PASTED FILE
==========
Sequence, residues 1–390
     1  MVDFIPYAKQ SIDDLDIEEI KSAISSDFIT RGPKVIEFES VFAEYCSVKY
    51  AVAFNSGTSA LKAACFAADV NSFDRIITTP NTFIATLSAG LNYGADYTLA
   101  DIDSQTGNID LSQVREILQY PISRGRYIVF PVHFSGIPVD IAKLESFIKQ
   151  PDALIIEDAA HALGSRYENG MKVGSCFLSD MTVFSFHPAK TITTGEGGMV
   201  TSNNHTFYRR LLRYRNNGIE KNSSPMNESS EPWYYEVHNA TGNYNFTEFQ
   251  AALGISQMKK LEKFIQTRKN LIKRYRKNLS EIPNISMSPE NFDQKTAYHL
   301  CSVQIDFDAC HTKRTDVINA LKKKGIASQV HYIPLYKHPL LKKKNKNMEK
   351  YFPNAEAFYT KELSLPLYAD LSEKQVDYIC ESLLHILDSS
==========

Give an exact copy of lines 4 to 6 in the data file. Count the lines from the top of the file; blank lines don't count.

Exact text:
   101  DIDSQTGNID LSQVREILQY PISRGRYIVF PVHFSGIPVD IAKLESFIKQ
   151  PDALIIEDAA HALGSRYENG MKVGSCFLSD MTVFSFHPAK TITTGEGGMV
   201  TSNNHTFYRR LLRYRNNGIE KNSSPMNESS EPWYYEVHNA TGNYNFTEFQ